Chicago Bulls: Realistic expectations for this upcoming season

Chicago Bulls (Photo by Jesse D. Garrabrant/NBAE via Getty Images)
Chicago Bulls (Photo by Jesse D. Garrabrant/NBAE via Getty Images) /

Well into the off-season and approaching training camp, the Chicago Bulls seem to be shaping themselves up for a curious 2018-19 campaign. What realistic expectations should we have for such a young squad?

It’s safe to say that the Chicago Bulls have likely hit on their second #7 overall selection in as many years. Wendell Carter Jr. has surprised the league with a more than impressive Summer League stat-line. With averages of 16.8 PPG and 7.8 RPG, to go along with over 2 BPG, Carter should not be a problem. Four-year college standout Chandler Hutchison is making progress as well. The two, to go along with scoring machine Antonio Blakeney, give the Bulls hope for an improved 2018-19 year. Add in the re-signing of Zach LaVine, and these Baby Bulls should give fans reason to be excited about their continued improvement.

In the last few weeks, though, the front-office has made some moves with the team’s future in mind. Jerian Grant was traded for Julyan Stone, who was subsequently waived. Chicago then rescinded their qualifying offer to David Nwaba, making him an UFA. To top it off, they waived surprise contributor Sean Kilpatrick.

Following the moves, the Chicago Tribune’s KC Johnson had this to say, much to the intrigue of Bulls fans:

Well, that move was indeed made. Jabari Parker is back home as a Bull, and ought of a sudden, the Bulls are viewed as a playoff team by some. It’s fascinating what one player departing a conference can do to another organization’s future, but that is the LeBron James affect. In such a depleted Eastern Conference, are those expectations realistic though?

They better be.

At the very least, improvement from last season is on the horizon. The front office has said the 2018 season was one they never want to relive. Neither do the fans. Zach LaVine, Jabari Parker and Lauri Markkanen should anchor this Bulls squad with another year of NBA experience under their belts.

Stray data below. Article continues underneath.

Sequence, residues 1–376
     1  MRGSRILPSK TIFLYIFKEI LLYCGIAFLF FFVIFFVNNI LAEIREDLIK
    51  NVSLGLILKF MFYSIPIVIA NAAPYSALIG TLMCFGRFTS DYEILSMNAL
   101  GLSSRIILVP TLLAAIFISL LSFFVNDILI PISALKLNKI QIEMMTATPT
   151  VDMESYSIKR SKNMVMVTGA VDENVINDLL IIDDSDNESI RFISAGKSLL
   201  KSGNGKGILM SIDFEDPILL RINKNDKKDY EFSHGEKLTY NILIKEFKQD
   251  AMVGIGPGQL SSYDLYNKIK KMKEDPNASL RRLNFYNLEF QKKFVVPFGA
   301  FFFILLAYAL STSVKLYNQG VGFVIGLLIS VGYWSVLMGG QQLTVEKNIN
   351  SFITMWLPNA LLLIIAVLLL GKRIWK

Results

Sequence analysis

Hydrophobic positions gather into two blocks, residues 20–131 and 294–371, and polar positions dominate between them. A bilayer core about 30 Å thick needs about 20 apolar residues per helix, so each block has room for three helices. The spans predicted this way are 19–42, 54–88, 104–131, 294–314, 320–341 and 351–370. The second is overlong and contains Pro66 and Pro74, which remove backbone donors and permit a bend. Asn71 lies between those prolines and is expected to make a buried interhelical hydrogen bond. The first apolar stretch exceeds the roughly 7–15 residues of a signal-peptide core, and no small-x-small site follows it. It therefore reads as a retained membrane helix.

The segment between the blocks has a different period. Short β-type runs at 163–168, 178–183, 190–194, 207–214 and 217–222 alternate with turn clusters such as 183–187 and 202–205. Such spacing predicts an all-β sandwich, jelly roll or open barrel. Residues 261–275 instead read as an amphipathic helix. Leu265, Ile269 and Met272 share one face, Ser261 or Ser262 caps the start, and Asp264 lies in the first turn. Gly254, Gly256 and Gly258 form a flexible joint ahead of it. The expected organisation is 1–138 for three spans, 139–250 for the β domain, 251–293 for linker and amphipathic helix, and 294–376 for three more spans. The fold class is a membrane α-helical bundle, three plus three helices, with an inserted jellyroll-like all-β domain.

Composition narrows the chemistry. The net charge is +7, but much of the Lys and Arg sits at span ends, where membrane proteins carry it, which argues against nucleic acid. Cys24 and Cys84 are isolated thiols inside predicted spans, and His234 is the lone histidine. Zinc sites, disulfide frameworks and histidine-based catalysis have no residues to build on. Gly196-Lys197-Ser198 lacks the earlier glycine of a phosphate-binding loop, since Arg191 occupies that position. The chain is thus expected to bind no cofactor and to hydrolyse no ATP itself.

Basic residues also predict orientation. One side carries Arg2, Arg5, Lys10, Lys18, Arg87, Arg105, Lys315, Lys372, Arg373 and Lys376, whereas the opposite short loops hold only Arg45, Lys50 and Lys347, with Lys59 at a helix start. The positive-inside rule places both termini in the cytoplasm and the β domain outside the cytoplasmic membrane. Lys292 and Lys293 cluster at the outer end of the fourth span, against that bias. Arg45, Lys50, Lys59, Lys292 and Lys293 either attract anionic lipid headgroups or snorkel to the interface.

Chicago is in no position to take any steps back in 2019. With that being the case, the roster is simply too talented to not make a playoff run. To be clear, I’m not saying a #2 or #3 seed is going to happen. But with two (possibly three) 20 PPG players, the Bulls offense will be there. Don’t be surprised if the Bulls put up 110+ on a nightly basis. In the same breath, don’t be surprised if they give up 100+ as well. Of course, the team who scores the most points wins the game, which is music to Jabari Parker’s ears.

Defense will be a different story

While the Bulls will score a lot, they may have just about the worst defense in the NBA. To some, that may not be the worst thing in the world. After all, the object of the game is to score more points. With a run and gun offense in Fred Hoiberg’s system, Chicago will get up plenty of shots. But again, this isn’t the Warriors backcourt. The Chicago Bulls front office doesn’t seem too worried about LaVine and Parker existing on the same floor defensively, but it will be a problem. Simply put, when Jabari Parker is quoted as saying “they don’t pay players to play defense” that tells you just about everything you need to know about the Bulls defense for this coming season.

Expectations should be heightened

Even with all the questions surrounding their defense and inexperience, the Bulls should still have heightened expectations. The Bulls re-signed Zach LaVine due to the star potential he possesses. Add in the addition of Parker to LaVine and Markkanen, and you have a young core that must have continued improvement. With a stacked 2019 free-agent class approaching, it is vital the Bulls start cashing in on their investments. It sure looks as if the work has been put in this summer by one player in particular:

In a LeBron-less East, there are no excuses for the Chicago Bulls to not be in contention for a playoff spot. While the predictions of some that say the Bulls will compete for a #4 seed are a tad too optimistic, Chicago should be looking at a #7-#8 seed heading into the year.

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Not only will this improvement help younger players confidence, but it will also tell impending free-agents that Chicago is only a piece or two away from contention. Will that be enough to sway a star to finally come to Chicago? Who knows? But you got to start somewhere, right?